And then they had to hold on with all their might. With nothing to lose, Todd Reesing started gunning the ball to Meier and Dezmon Briscoe, and the points added up. Touchdown for KU, field goal for Mizzou. Touchdown for KU, field goal for Mizzou. When Reesing found Marcus Henry for a 5-yard TD with 2:03 left, the lead was just 34-28. Mizzou tried to run out the clock but couldn't. They had to punt, and KU had 11 seconds to go 89 yards. Seems impossible, but in the minds of most Mizzou fans, it was anything but. Here's where the Sports God would apply the biggest dagger ever to Mizzou hearts. Somehow KU was going to win this game.
Nope. The Mizzou defensive line blew up KU's offensive line and gang-tackled Todd Reesing in the endzone for the game-clinching safety (Mike Kelly's call: "Safety! Ballgame! Bingo!"). Sod Reesing was born, and Mizzou had just won the biggest game in the history of the rivalry.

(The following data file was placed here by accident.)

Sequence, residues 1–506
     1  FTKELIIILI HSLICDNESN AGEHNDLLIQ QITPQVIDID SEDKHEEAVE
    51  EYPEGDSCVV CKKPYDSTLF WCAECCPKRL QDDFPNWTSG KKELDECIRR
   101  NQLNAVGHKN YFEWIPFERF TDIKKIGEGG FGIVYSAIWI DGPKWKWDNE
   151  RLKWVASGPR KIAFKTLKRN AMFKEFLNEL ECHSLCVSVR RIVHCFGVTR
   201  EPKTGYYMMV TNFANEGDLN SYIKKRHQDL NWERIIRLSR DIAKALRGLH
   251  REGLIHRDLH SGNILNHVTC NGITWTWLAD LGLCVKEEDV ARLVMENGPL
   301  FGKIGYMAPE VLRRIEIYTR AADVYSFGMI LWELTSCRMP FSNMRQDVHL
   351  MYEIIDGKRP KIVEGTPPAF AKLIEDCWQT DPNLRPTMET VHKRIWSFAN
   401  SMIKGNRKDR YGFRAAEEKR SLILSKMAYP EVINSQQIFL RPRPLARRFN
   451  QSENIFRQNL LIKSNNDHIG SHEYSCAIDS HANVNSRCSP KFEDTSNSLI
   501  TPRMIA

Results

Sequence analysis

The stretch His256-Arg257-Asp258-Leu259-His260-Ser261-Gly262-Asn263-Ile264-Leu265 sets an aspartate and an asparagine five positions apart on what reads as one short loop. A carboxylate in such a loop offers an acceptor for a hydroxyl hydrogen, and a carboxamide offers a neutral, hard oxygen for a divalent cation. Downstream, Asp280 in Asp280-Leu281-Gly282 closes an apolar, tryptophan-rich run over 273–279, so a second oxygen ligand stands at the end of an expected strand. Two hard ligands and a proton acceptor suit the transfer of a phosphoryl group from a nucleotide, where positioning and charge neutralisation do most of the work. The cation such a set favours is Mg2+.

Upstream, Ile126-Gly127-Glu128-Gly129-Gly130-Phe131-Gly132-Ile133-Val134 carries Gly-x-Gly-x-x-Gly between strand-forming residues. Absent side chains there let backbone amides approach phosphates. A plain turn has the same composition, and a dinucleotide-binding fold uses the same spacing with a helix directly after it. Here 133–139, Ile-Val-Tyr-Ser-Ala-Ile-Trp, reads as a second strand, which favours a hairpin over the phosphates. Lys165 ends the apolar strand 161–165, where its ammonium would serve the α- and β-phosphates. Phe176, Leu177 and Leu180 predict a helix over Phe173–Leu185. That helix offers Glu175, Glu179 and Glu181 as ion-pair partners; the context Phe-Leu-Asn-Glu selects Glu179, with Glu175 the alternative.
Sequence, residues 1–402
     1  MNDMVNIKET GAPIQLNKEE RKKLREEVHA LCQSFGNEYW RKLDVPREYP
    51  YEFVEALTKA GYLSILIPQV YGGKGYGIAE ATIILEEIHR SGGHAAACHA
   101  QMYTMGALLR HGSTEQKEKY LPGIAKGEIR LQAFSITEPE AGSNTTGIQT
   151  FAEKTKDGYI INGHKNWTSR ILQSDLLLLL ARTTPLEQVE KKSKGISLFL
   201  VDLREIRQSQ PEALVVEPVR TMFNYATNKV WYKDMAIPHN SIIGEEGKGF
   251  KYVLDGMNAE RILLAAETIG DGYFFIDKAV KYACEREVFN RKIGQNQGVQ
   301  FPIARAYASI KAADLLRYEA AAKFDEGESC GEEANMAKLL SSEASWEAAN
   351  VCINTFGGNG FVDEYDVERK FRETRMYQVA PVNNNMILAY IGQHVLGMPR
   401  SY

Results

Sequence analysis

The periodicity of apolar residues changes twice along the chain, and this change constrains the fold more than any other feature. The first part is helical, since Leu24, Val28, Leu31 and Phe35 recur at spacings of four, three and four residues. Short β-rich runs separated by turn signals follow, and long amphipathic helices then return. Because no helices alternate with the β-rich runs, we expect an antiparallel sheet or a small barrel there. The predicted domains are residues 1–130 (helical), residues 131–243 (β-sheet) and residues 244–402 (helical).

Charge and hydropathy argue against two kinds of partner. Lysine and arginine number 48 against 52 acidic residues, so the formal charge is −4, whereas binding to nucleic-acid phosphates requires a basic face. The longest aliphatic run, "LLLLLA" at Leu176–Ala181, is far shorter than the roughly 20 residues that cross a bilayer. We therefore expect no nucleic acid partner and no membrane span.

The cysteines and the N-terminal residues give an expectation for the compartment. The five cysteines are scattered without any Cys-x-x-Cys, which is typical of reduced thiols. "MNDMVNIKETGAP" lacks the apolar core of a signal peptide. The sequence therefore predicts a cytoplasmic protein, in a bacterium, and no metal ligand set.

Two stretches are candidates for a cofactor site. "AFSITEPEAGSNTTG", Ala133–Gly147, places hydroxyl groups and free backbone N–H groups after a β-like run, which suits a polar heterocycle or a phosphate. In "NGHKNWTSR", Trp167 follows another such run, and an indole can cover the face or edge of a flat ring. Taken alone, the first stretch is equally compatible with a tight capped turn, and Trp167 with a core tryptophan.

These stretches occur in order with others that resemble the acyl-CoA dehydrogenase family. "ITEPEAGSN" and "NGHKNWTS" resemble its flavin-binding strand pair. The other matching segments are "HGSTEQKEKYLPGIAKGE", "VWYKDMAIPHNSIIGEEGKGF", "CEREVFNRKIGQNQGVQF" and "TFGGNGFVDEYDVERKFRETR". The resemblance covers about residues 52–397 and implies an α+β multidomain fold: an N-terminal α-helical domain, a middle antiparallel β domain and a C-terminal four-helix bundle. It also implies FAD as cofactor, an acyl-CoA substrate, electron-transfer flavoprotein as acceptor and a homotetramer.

Significance: Mizzou made their first ever bowl victory a pretty memorable one, hemming in (and popping down!) Heisman winner Joe Bellino and #4 Navy's offense, and piling up the rushing yards to win the Orange Bowl and finish the season 10-1 (I mean, 11-0). And they did it in front of Present-elect Kennedy, to boot.
From the opening kickoff, Mizzou dominated. On their first drive, they drove 70 yards to the Navy 2 before a miscue gave the Middies a surprising lead--halfback Donnie Smith got trapped behind the line and attempted an ill-advised lateral to QB Ronnie Taylor. The ball was picked off by Navy end Greg Mather and returned 95 yards for a touchdown. 6-0 Navy.
The craziness was just beginning. Navy attempted a surprise on-sides kick and recovered it. They moved inside the Mizzou red zone, looking to quickly go up 14-0, when Norm Beal turned the tables, stepping in front of a Hal Spooner pass and returning it 90 yards for a Mizzou touchdown. The first quarter was only half-over, and there had been two 90+ yard touchdowns. Bill Tobin's PAT made it 7-6 Mizzou.